One of my favorite tools for unblocking the flow of creativity and releasing pent up energy is active imagination. Active imagination is a technique developed by Carl Jung, used to bridge the subconscious and conscious mind in order to integrate, understand, and heal all layers of the self. At its core, I see it as a shamanic practice of healing. If we can immerse ourselves in that nebulous space between dreaming and waking, we can process emotions and energy that we may not be consciously aware of, yet still experience in our bodies and minds, below the surface of conscious awareness. One way to do this is through stream of consciousness writing, or free writing, which opens the inner chambers and unleashes that which lies within, waiting to rise to the surface. The act of pen to paper, foot to dance floor, or brush to canvas, without the involvement of the ego’s cries of “What does this mean? Am I doing it right? Am I wrong for feeling or thinking this? Does this make any sense?” is a way of activating those deeper aspects of the self that yearn to be acknowledged and set free. I wrote the poem below during a time when I was processing a heartbreak that shook me to my core. One day I was perusing old photos of my Grandfather’s cousin, Madge Bellamy, a beautiful and talented silent film and stage actress. I found myself sinking in to her experience, entering a sort of meditation, envisioning her life through my own lens: a woman, an artist, whose life was imbued with a certain wild glow, as otherworldly as she was human, traversing light and shadow, beauty and struggle. I started writing without thinking, simply letting the words spill onto the page. I imagined that she was addressing me in a letter, speaking of her own heartbreak, and the spark and grace she embodied that carried her through. What unfolded revealed a well of bottled up energy within my own psyche, and what was at first a puddle of words and images and emotions became this poem: an imagining, a healing.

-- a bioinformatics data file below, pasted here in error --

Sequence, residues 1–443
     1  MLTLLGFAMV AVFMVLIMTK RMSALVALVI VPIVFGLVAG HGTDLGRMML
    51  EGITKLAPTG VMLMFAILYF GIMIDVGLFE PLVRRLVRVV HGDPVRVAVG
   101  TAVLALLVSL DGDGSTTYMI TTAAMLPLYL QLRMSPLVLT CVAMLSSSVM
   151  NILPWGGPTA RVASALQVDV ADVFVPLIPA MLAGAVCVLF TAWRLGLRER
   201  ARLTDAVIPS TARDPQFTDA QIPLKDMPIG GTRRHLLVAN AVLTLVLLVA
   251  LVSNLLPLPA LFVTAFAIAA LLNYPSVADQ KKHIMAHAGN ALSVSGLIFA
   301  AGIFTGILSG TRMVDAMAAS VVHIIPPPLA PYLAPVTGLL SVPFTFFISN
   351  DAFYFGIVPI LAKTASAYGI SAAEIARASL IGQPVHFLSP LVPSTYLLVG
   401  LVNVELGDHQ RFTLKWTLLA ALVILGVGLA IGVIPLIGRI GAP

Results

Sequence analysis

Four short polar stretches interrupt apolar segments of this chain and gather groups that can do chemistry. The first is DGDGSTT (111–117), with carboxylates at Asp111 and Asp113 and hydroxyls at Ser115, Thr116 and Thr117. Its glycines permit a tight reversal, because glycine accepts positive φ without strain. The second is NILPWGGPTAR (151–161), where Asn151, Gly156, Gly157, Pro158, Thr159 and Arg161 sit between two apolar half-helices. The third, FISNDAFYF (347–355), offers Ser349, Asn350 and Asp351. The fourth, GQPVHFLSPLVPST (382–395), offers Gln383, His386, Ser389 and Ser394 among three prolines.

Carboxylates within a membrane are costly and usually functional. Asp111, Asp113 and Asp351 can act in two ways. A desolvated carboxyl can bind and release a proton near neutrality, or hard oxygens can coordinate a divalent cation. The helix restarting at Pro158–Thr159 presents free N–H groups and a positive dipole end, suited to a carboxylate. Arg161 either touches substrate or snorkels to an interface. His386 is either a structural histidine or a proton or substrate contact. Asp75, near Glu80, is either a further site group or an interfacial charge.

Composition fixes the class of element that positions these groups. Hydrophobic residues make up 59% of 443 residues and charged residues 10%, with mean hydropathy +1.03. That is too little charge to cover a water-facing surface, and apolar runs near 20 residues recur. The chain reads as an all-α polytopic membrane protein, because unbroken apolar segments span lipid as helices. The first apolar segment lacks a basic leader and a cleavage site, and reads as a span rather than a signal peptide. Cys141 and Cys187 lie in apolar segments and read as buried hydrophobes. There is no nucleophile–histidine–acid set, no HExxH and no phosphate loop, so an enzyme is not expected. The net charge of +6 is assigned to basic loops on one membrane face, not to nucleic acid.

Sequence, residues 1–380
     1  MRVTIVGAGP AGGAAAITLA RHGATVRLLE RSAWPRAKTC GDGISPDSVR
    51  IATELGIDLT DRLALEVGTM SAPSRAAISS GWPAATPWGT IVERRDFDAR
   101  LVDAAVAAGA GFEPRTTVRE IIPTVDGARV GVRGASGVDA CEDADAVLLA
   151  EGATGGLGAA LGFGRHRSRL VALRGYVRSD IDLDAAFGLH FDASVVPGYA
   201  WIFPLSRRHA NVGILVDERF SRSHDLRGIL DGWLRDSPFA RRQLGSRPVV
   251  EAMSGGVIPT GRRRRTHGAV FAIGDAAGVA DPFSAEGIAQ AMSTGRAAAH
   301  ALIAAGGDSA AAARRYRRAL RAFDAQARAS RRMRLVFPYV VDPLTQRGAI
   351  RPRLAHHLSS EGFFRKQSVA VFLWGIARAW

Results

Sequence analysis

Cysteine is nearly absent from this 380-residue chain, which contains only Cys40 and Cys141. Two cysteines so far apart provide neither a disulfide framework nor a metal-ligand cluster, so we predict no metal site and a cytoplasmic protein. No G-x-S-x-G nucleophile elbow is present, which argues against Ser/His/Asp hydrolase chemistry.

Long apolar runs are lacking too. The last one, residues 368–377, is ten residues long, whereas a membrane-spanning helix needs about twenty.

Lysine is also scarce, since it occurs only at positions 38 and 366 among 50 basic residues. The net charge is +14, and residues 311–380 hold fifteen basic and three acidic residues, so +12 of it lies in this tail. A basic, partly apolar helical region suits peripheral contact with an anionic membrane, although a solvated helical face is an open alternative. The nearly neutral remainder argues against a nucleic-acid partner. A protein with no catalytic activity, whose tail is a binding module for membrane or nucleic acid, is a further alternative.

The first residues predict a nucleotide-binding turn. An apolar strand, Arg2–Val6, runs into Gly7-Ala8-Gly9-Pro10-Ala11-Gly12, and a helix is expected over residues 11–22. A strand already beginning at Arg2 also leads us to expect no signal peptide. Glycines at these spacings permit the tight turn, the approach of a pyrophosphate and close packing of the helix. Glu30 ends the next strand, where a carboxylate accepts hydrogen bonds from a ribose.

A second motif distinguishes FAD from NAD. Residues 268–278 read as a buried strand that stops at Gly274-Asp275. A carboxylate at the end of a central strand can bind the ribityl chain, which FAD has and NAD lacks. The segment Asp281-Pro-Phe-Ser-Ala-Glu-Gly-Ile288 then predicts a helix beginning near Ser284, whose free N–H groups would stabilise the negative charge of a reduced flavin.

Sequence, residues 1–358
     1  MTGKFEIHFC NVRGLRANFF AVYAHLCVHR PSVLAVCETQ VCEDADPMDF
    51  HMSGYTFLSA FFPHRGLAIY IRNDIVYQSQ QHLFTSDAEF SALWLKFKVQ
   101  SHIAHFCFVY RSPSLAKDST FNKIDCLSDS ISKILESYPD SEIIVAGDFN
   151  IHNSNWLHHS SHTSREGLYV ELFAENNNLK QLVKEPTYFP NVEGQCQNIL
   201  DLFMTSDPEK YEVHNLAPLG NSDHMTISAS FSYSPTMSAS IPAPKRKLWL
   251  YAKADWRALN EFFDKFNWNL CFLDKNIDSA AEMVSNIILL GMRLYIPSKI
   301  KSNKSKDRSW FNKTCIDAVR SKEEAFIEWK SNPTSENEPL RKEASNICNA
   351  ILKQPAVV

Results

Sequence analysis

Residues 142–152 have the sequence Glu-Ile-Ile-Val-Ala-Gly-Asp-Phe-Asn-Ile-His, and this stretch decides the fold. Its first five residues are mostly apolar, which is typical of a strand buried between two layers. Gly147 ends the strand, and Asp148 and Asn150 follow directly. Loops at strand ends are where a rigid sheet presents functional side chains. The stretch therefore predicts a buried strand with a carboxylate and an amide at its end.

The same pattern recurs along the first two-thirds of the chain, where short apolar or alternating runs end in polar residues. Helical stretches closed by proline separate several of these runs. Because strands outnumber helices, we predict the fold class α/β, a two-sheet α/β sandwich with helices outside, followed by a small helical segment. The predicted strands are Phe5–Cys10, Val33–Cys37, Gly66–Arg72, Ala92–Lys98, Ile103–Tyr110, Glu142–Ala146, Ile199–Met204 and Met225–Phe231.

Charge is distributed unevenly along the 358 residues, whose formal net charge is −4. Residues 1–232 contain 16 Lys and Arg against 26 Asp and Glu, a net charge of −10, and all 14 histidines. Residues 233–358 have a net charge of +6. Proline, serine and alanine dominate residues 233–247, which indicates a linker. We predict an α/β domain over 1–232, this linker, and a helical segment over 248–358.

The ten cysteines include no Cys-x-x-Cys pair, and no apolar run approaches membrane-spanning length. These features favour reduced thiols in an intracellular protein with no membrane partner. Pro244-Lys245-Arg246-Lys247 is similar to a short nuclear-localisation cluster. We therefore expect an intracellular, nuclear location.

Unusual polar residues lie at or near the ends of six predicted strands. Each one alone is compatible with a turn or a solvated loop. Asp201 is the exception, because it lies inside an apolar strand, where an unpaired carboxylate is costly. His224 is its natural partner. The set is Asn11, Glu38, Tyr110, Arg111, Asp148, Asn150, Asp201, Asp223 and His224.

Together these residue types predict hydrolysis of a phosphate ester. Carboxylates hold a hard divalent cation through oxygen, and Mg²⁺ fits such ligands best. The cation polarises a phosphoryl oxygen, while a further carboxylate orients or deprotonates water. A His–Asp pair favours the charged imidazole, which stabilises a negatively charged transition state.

And in honor of the real woman, Madge herself, without my own romantic projections, her words at age 87, “I’ve avoided all my life the romantic stuff which novels and movies are about. Never went in for that mush. Of course, I’ve missed what most people would call the ultimate human experience. But then, I’ve remained my own person, which at my age is a very satisfying state.”
For Emily, Love, Madge
Arouse them, my darling
Arouse them, but don’t please them.
One day a star will collapse at its core
after billions of years of trying,
and you’ll see that sometimes, love,
it’s wiser to blow up,
and then slink quietly out the back
before they notice what’s missing.
I long begged the sky
for a warm reprieve,
but diamonds are colder in space, my dear
than anyone ever told you.
The summer roses are dead,
and there’s no preciousness left anymore
to water my mouth.
The truth is as smokey as whiskey
and as smooth as the dust
on his letters,
the ones he wrote me like a ghost
long after I had stopped waiting by the window,
shining those pennies at dusk.
I took a fondness to the key
that opened the basement door,
where under the floorboards
I kept the stash of primal laughter,
the kind that felt so good